DeKALB — As the Egyptian Theatre rapidly approaches its 90th birthday on Dec. 10, the theater’s staff is preparing to celebrate the structure’s anniversary, along with the upcoming completion of the theater’s expansion project.
The construction, which began May 1, is set to wrap up in April, Jeanine Holcomb, marketing and communications director of the Egyptian Theatre, said.
The goal of the construction is to repair the interior of the Egyptian Theatre, 135 N. Second St.
This will include restoring the paint and replacing the carpeting with a more “Egyptian design,” including scarabs and Egyptian symbols, Holcomb said.
The project will also include the expansion of the lobby of the theater, the restrooms and the concessions stand.
Holcomb said, one of the most important changes to the theater will be the installation of air conditioning, which will allow the theater to be open year-round for the first time.
While there are no live acts currently booked for the summer season, film series, especially animated films, are set to occur.
The first floor is projected to be finished in February, the second floor in March and full completion in April, although the end of construction doesn’t have a solidified date, Holcomb said.
The entire project will cost $5.5 million, and much of the money has come from a combination of funds from the City of DeKalb, grants and private donors, Holcomb said.
The project continues to be funded with a grant of $75,000 from the DeKalb County Community Foundation given to the theater Nov. 12.
The Egyptian Theatre is awaiting more replies for additional grants, Holcomb said.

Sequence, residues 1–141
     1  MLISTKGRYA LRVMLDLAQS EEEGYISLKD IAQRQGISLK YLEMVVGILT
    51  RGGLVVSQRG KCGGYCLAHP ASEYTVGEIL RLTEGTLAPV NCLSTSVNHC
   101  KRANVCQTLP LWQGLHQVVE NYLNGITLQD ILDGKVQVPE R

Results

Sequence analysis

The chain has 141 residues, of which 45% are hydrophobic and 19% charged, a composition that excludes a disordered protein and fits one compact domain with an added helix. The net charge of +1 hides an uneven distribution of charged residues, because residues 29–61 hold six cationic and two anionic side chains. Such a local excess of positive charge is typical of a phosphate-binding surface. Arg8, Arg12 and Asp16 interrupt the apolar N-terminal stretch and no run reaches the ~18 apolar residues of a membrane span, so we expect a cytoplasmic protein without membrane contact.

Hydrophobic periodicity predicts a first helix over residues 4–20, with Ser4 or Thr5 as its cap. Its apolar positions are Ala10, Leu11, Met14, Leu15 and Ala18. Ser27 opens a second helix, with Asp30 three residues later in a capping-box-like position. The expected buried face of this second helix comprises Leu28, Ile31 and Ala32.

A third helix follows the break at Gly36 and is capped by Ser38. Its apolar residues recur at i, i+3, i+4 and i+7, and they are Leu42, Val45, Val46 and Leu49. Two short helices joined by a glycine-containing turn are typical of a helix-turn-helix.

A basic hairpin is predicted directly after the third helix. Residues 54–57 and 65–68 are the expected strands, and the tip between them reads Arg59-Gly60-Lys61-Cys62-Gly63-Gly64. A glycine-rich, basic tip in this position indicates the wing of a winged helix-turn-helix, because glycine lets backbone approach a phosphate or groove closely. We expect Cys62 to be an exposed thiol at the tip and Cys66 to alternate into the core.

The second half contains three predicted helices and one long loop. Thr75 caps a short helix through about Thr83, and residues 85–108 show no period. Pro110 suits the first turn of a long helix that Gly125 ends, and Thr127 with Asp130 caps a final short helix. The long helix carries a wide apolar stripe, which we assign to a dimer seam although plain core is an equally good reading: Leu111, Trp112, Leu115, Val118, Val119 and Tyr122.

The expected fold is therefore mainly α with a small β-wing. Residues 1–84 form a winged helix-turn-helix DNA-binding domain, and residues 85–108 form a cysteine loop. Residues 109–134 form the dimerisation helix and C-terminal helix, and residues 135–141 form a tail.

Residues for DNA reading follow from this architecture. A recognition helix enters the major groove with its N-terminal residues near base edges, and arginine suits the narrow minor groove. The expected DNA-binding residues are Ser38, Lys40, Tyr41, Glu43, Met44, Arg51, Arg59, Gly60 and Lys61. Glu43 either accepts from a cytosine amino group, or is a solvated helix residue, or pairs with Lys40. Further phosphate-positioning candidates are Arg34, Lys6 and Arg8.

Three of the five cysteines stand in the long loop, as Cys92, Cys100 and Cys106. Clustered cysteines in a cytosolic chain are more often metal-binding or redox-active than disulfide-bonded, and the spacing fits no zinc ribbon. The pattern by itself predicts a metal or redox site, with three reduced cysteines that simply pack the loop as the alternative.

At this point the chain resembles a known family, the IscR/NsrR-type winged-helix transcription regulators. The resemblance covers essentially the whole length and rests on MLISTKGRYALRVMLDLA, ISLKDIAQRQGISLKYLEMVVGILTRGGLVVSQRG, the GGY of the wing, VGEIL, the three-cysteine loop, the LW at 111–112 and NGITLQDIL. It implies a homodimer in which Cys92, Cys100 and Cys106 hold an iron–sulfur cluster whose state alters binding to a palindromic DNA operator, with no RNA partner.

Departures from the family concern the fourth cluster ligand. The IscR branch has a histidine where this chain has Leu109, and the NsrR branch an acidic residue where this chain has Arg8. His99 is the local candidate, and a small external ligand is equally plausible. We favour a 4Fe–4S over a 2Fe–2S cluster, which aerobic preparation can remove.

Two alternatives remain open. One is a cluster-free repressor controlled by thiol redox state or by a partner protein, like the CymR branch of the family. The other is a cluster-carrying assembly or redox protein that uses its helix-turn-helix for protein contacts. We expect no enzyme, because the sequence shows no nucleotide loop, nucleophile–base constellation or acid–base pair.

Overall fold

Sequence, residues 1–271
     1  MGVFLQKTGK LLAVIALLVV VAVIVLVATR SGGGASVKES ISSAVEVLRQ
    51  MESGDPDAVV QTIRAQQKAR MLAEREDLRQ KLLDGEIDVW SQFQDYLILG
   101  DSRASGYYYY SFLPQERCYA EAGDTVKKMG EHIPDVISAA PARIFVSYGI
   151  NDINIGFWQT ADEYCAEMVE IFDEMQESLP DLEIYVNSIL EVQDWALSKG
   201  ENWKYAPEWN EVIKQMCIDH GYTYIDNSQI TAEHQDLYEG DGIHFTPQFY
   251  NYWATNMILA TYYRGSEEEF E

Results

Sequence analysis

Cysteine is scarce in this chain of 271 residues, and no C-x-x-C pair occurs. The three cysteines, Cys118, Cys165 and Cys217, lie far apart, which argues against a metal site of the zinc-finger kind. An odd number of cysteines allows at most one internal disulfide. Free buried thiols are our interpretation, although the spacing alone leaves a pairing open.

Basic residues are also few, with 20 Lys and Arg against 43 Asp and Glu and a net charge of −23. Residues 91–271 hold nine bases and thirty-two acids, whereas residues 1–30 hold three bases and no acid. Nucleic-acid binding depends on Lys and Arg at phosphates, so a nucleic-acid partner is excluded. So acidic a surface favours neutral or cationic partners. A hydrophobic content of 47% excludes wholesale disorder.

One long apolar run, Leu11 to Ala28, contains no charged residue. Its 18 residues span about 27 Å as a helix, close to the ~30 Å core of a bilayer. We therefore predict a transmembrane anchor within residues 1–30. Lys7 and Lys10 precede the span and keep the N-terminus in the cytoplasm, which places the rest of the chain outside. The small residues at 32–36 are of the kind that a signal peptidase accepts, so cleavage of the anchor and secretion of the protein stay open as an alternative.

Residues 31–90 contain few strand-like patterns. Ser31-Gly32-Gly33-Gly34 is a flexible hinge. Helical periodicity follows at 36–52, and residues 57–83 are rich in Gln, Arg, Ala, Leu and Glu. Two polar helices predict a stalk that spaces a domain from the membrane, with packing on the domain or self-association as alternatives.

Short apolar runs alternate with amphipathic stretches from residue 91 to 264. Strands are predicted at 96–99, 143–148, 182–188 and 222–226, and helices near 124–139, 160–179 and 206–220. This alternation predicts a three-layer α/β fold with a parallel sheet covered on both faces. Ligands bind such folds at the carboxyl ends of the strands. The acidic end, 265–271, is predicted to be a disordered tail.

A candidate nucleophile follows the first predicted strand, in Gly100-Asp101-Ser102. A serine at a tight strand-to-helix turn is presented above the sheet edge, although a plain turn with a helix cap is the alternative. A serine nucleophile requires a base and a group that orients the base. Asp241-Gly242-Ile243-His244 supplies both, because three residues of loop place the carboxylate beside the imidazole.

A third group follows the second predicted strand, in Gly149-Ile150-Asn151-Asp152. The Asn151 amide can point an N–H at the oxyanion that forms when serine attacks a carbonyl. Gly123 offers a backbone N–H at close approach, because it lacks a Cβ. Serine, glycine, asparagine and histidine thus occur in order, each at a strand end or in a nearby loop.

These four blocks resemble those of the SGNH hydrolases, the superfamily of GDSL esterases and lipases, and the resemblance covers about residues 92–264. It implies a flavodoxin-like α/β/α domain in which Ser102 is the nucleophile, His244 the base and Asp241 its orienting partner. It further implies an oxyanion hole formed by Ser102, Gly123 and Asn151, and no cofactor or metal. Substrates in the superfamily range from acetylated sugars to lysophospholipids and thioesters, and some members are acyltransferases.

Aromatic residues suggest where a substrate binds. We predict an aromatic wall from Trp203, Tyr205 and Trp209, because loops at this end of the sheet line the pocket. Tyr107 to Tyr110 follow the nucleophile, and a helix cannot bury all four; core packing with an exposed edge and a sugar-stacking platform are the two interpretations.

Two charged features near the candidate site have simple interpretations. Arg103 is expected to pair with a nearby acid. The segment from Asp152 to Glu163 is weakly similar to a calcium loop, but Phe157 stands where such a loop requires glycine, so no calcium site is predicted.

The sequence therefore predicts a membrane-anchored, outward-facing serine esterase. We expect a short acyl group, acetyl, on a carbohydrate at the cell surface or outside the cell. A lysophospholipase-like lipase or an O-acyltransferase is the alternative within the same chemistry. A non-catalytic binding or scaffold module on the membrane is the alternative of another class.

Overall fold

The Egyptian Theatre was constructed in 1929 and opened Dec. 10 of that year, according to the theater’s official website.
The theater was one of over 100 created in the Egyptomania following the discovery of the tomb of King Tutankhamun by Howard Carter in 1922.
Now, there are only five Egyptian-style theaters left, with the one in DeKalb being the only one located east of the Rocky Mountain range, according to the theater’s official website.
Films, live acts and public events, such as political debates, are commonly hosted at the Egyptian Theatre.
Among the Egyptian’s acts throughout history have been musicians like B.B. King, Ray Charles, and Think Floyd USA, magician Piff the Magic Dragon and President John F. Kennedy, who appeared at the theater in October 1959 before he announced his candidacy for president, according to the theater’s website.
“I think the construction is very needed, and I look forward to the air conditioning,” Jeffery Chown, an emeritus professor in the Department of Communication, said.
Chown, a DeKalb resident since 1982, said he has been attending shows at the Egyptian since he arrived.
In particular, Chown said he enjoyed when the Egyptian screened Asian cinema.
Matthew Swan, communication professor and resident of DeKalb since 1992, said heis glad the theater will remain.
“I’ve seen a lot of movies and good musicians at the theater,” Swan said. “I like it when old structures are renovated instead of destroyed.”
The expanded restrooms and concession stand have garnered positive attention from Swan as well.
“I always felt they needed to expand concessions because people were always very crammed,” Swan said. “The restrooms also need to be expanded because there are currently only three stalls in each restroom.”
In 1978, the theater was added to the National Register of Historic Places, a subsidiary of the National Park Services.
“It’s a historical landmark and a great facility,” Chown said. “I went to see a production of Swan Lake which would have cost hundreds of dollars in Chicago, so it’s a great way to affordably experience culture.”
While the theater is still under construction, the programming has not halted. Upcoming events include “The Nutcracker” by the Beth Fowler School of Dance from Friday through Sunday and “A Charlie Brown Christmas Live on Stage” on Dec. 13.
In its nearly 90-year existence, the Egyptian Theatre has garnered a niche in the atmosphere of DeKalb, Matt Swan said.
“It has a unique décor that is very much of the time period and is very elaborate,” Swan said. “It has a timeless, old fashioned décor that can reawaken the movie palaces of old.”